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Engineered to SellEuropean Émigrés and the Making of Consumer Capitalism$
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Jan L. Logemann

Print publication date: 2019

Print ISBN-13: 9780226660011

Published to Chicago Scholarship Online: September 2020

DOI: 10.7208/chicago/9780226660295.001.0001

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PRINTED FROM CHICAGO SCHOLARSHIP ONLINE (www.chicago.universitypressscholarship.com). (c) Copyright University of Chicago Press, 2021. All Rights Reserved. An individual user may print out a PDF of a single chapter of a monograph in CHSO for personal use.date: 04 August 2021

Corporate America and the International Style: The Transnational Network of Knoll Associates between Europe and the United States

Corporate America and the International Style: The Transnational Network of Knoll Associates between Europe and the United States

Chapter:
(p.222) Eight Corporate America and the International Style: The Transnational Network of Knoll Associates between Europe and the United States
Source:
Engineered to Sell
Author(s):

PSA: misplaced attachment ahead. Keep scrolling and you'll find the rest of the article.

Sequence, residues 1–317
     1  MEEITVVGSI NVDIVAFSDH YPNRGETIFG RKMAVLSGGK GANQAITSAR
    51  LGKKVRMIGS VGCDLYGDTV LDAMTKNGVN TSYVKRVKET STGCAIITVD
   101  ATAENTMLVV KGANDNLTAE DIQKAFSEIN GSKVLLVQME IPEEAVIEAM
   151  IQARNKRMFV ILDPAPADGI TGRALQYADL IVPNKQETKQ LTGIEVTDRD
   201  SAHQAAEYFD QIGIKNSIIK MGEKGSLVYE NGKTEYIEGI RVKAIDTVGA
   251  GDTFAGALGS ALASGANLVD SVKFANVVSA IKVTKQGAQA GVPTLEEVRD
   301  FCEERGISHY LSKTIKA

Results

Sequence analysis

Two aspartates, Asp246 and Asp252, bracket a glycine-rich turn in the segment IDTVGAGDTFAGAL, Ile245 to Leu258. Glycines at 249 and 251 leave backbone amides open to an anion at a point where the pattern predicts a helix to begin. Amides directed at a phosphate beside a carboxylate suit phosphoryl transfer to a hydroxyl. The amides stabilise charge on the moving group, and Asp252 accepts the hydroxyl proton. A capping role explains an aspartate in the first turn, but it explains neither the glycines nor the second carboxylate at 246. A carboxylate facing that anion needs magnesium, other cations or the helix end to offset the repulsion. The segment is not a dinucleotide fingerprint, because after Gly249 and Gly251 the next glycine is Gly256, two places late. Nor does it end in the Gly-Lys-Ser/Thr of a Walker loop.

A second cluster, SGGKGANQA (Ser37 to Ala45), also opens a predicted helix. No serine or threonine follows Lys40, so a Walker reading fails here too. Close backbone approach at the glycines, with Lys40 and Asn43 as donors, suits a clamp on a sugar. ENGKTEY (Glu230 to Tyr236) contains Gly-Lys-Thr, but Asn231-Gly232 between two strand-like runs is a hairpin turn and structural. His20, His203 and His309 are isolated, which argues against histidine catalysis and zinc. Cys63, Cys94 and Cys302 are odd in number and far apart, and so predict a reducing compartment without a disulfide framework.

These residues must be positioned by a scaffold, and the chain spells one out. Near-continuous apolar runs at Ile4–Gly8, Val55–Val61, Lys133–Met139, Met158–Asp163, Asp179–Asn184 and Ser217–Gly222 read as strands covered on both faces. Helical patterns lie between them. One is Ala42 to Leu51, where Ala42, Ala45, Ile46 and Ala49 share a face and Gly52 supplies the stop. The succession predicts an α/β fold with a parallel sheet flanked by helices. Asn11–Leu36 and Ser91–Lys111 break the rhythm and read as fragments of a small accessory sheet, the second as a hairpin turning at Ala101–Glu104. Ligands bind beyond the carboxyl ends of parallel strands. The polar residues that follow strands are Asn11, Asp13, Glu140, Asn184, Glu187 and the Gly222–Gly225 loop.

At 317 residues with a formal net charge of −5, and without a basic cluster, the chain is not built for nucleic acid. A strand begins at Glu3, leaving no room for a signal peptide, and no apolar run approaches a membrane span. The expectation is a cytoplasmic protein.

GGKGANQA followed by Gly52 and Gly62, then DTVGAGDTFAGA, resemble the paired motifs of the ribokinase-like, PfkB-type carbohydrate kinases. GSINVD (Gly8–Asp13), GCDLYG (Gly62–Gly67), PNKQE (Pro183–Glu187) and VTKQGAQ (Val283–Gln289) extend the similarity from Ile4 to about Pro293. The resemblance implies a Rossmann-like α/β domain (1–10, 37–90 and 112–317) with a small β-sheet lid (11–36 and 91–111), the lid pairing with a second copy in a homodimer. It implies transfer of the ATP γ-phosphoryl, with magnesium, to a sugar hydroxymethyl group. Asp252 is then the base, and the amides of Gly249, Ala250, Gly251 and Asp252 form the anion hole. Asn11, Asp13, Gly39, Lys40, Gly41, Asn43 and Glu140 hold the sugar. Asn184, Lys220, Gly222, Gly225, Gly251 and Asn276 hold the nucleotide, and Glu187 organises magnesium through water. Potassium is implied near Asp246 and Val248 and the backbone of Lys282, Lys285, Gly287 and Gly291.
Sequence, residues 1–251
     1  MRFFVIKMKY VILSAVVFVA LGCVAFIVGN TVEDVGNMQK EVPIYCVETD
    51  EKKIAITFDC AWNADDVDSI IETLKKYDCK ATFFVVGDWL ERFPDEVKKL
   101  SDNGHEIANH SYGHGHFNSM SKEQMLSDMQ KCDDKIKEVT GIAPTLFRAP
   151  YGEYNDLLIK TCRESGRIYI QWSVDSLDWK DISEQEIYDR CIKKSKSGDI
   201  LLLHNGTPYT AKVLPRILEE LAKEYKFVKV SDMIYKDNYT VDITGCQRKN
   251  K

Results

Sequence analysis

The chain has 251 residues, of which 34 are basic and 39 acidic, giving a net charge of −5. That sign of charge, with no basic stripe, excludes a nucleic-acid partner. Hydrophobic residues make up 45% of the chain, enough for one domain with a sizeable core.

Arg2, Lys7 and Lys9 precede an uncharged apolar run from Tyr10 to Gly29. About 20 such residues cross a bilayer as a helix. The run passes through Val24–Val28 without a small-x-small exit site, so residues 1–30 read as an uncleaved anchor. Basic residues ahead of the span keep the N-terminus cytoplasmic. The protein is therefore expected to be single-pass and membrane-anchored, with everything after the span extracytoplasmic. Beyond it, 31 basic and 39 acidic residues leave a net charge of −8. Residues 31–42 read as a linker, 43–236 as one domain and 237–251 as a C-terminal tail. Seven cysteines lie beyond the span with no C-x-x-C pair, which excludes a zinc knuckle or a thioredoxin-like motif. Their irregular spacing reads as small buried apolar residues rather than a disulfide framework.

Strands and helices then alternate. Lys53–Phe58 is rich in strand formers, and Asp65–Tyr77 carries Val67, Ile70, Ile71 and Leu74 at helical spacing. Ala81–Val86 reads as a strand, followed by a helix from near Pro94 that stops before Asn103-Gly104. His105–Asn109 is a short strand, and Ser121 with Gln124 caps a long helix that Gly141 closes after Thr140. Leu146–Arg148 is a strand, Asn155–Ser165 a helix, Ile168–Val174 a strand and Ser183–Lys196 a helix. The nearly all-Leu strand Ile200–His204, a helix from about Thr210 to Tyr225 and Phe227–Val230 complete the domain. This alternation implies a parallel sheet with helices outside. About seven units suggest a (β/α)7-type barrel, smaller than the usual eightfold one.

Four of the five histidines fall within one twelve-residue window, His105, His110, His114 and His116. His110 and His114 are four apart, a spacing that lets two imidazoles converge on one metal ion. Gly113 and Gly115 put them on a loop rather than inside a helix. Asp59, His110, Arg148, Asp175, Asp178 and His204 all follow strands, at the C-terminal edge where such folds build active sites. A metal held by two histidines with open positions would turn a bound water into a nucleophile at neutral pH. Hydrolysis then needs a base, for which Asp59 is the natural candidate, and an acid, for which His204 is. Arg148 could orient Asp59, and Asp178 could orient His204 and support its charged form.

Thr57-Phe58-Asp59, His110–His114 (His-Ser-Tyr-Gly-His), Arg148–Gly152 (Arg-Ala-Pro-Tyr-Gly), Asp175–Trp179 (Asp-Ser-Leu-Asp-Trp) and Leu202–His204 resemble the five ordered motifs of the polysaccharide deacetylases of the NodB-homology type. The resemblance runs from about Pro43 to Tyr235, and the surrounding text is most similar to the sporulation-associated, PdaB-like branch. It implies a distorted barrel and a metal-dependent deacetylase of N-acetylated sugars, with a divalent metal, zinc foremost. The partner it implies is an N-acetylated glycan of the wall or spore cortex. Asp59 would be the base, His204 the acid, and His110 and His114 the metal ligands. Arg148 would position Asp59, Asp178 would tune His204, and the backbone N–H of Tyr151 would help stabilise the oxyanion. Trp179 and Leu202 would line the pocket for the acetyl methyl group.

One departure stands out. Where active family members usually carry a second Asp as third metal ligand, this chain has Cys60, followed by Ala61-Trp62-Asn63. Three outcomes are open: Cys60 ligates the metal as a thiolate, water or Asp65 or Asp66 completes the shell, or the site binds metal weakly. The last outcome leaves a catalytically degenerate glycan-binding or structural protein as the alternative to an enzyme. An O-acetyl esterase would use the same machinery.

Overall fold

Jan L. Logemann

Publisher:
University of Chicago Press
DOI:10.7208/chicago/9780226660295.003.0012

The chapter uses the furniture company Knoll International as a case study for the reciprocal transnational design transfers in mid-century consumer marketing between the United States and Europe. Knoll’s approach was different from the mass-market design work of industrial designers such as Raymond Loewy and Walter Landor with regard to the consumer segments they targeted. Market research and consumer surveys do not feature prominently with Knoll’s designs, where the artist’s vision rather than anticipated consumer reactions set the tone. Yet, with corporate and institutional clients making up a sizeable share of its sales, Knoll, too, incorporated professional research and a thorough understanding of client needs into its design jobs, as the emergence of its “planning unit” headed by Florence Knoll shows. Knoll’s case also shines a light on the return of commercial modernism back to Europe after World War II. Here, Knoll acted as an American company, promoting “American” or “international” design forms with obvious “European” roots.The history of Knoll, finally, provides a powerful example of immigrant entrepreneurship.

Keywords:   Knoll International, Transatlantic transfers, Hans and Florence Knoll, history of design furniture, emigre networks, Bauhaus designs, Museum of Modern Art

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